Transformation is given a rapid boost
Non-compliant businesses have little time to get their house in order
different from the 10.8% Coloured and 74.9% African national demographic.
As indicated above, the regulations were met with much criticism and were sent for a re-look. The redrafted regulations were published on August 1. There are strong indications that the revised regulations may revert to regional demographics (in line with recent case law).
In previous editions of this publication we highlighted the pertinent amendments to the four pieces of legislation — the Labour Relations, Basic Conditions, Employment Equity and Employment Services bills.
The Employment Equity Act has raised a number of areas of concern or disagreement and has led to its fair share of emotive debate in Parliament and other consultative forums.
Some of the pertinent issues raised by the act are: 1. The amendment of section 42 to allow a discretion for a labour inspector when assessing a company’s compliance with the act; 2. The lessening of enforcement requirements, which would ensure an easier and quicker path to the Labour Court; 3. The substantial increase of fines from R500,000 for first offences to R1,500,000, or 2% of turnover, depending on the nature of the breach. This amount escalates up to 10% of turnover at the fourth offence. The concern with this point is that linked to the discretion given to inspectors listed above, it may open the door to litigation and, unfortunately, the possibility of the spectre of corruption raising its head; 4. The relatively new concept of equal treatment is also included in this legislation and is further reflected in the proposed Labour Relations Amendment Bill. The concept of “equal treatment” means that unless you have justification for differential treatment (not only on “equal pay”) on the grounds listed, you will be in breach of the act; 5. The extension of grounds of discrimination to include “any other arbitrary ground”. In the past the grounds for discrimination were limited to issues such as age, race, gender, etc. While this was not an exhaustive list, the extension bars unfair discrimination on any arbitrary ground. Together with the extended definition, the burden of proof in such cases has also changed with the onus now shifting to employers to prove that discrimination did not take place and, if it did, that it was fair; and 6. Other changes that will be of interest, but are less controversial, are the fact that psychometric tests are to be certified by the Health Professions Council of SA or a similar body and the inevitable burden on small business having now also to report on an annual basis rather than biannually.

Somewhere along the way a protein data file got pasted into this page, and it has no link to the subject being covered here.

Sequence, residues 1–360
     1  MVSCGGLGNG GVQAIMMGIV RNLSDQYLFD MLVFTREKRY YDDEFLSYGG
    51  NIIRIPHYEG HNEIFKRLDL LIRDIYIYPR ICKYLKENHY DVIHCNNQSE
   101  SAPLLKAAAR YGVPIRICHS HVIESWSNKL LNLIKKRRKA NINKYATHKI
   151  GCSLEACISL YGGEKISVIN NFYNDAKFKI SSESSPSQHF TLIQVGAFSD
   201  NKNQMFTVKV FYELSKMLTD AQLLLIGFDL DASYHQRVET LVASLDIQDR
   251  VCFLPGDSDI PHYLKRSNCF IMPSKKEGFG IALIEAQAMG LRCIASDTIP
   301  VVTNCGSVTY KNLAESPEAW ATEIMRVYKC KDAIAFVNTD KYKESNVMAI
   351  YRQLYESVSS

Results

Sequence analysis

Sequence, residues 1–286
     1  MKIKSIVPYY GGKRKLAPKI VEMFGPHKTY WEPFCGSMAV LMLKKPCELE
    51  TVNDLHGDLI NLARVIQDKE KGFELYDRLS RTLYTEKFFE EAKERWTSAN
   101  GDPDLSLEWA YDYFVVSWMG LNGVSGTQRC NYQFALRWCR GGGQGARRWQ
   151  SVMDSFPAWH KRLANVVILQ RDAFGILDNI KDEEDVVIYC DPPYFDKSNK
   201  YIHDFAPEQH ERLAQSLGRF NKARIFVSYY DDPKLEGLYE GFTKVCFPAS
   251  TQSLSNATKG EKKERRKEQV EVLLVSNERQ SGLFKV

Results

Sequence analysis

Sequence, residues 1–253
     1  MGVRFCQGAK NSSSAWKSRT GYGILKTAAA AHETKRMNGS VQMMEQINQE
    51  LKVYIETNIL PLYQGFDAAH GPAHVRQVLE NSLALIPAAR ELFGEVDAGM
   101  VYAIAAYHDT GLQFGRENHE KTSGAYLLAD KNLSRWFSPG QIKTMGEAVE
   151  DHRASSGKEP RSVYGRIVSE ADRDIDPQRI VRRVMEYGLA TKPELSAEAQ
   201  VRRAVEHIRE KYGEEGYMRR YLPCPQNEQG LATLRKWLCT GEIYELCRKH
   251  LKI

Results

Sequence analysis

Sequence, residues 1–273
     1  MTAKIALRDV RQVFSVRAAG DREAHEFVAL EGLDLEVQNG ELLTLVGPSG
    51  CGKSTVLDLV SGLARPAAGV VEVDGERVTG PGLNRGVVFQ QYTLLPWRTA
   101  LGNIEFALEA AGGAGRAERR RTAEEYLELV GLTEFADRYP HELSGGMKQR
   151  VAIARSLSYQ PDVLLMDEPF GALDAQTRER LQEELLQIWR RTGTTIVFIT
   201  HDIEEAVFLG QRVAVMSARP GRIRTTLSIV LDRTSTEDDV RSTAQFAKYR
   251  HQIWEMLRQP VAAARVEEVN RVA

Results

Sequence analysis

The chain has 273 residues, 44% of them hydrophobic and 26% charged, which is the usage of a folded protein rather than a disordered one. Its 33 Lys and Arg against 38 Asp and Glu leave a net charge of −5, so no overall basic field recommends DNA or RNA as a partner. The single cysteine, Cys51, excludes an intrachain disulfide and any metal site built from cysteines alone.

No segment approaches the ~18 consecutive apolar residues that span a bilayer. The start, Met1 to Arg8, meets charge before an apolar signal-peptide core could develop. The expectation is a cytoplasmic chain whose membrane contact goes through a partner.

There is very little time for businesses to get their houses in order. Inspectors are certain to come down hard on non-compliance. The department has thrown down the gauntlet to business to ensure rapid compliance, failing which they will face sizeable fines and days in court.
Businesses should have been alive to the fact that transformation needs to be a clear strategic goal. Now is the time for non-compliant businesses to take the lead from those who are compliant and to align their transformation strategy to the overall business one and to take up this challenge as an opportunity to define their future, to address equality and ensure a bright, compliant future for their business and generations of South African businesses and society at large to come.
OFF TARGET FOR INVESTORS In SA, there is no distinction between domestic and international arbitration Foreign investors cannot independently refer a dispute to an international arbitration forum without the consent of the South African government